The pebble-bed solid breeder configuration introduces several operational limits: thermomechanical uncertainties caused by pebble-bed wall interaction, potential sintering and subsequent macro-cracking, and a low pebble-bed thermal conductivity – all of which result in small characteristic bed dimensions and limit windows of operation. A new form of solid breeder morphology is required that holds the promise for increased breeding ratios – dictated by increased breeder material density; long term structural reliability; and enhanced operational control – compared to packed beds. Grant applications are sought for new solid breeder material concepts that include: (1) increased breeder material densities (~80%); (2) higher thermal conductivities (provided by a fully interconnected structure, as opposed to point contacts between pebbles); (3) better thermal contact, such as reliable bonded contact, with cooling structures (instead of point contacts between pebbles and wall); (4) the absence of major geometry changes between beginning-of-life and end-of life (such as sintering in pebble beds) in the presence of high neutron fluence; and (5) structural integrity in freestanding and selfsupporting structures with significant thermo-mechanical flexibility.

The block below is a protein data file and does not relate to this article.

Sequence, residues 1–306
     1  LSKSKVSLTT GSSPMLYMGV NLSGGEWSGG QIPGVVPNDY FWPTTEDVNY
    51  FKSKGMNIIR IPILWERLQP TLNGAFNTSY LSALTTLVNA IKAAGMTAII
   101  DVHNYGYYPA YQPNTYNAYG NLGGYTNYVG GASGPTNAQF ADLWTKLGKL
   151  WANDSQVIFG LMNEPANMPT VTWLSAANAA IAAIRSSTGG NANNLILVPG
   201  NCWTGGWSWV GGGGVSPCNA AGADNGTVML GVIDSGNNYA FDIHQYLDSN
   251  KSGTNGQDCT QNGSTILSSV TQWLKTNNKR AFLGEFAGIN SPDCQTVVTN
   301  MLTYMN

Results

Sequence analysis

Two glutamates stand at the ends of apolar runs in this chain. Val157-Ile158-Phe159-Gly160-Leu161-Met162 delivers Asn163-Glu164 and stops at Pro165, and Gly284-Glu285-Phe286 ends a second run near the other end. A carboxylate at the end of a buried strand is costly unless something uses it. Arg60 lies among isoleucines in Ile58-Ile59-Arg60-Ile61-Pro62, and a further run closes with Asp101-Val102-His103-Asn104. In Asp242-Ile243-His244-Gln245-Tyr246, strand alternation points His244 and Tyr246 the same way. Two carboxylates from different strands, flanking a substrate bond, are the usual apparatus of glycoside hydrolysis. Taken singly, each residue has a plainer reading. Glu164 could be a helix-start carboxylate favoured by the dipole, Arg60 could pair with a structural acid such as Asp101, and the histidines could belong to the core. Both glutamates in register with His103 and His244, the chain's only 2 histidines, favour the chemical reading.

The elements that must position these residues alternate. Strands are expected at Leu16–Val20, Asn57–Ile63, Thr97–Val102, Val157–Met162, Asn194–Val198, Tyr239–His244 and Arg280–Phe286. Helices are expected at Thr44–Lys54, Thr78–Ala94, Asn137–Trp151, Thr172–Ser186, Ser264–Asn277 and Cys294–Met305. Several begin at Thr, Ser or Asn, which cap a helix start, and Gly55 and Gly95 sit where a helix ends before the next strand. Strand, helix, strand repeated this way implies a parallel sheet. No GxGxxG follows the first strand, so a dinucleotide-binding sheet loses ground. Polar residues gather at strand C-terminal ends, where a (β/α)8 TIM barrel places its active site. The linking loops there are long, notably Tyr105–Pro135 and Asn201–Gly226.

Flow channel inserts (FCIs) act as magnetohydrodynamic and thermal insulators in ferritic steel channels containing, for example, a slowly flowing tritium breeder such as molten Pb-15.7Li alloy. The insert geometry is approximately box-channel-shaped in straight channels, with more complex shapes possible, for insertion in manifolds and other complex-geometry elements in the flow path. Although SiC/SiC composite is a candidate FCI material, its use would differ from its potential application as a structural material in that high thermal and electrical conductivity would not be desirable. In fact, the electrical conductivity should be low, with a target maximum around 1 to 50 ?-1m-1. In addition, the strength requirements for a SiC/SiC FCI are reduced compared to the composite’s application as a structural material, because the primary stresses and pressure loads will be very low. On the other hand, the insert must be able to withstand thermal stresses from through-surface temperature differences in the range of 150-300K, over a thickness of 3 to 15 mm depending on designs. Grant applications are sought to develop manufacturing techniques for radiation resistant, low thermal/electrical conductivity SiC/SiC composites or other suitable, compatible materials that would make for effective FCIs. One approach that has been envisioned is the use of a final “sealing” layer of SiC matrix material, which would be near theoretical density and cover any porosity or exposed fibers in the main body of the insert. Two-dimensional weaves are also thought to be satisfactory, as well as an effective way to reduce electrical conductivity normal to the interface between the insert and the Pb-15.7Li (the more important of the directions). In addition, grant applications are sought to develop experimental techniques for determining: (1) the compatibility between the SiC/SiC composite and such breeder materials as Pb-15.7Li alloy, and (2) the insert integrity under cyclic thermal loading and other in-service conditions.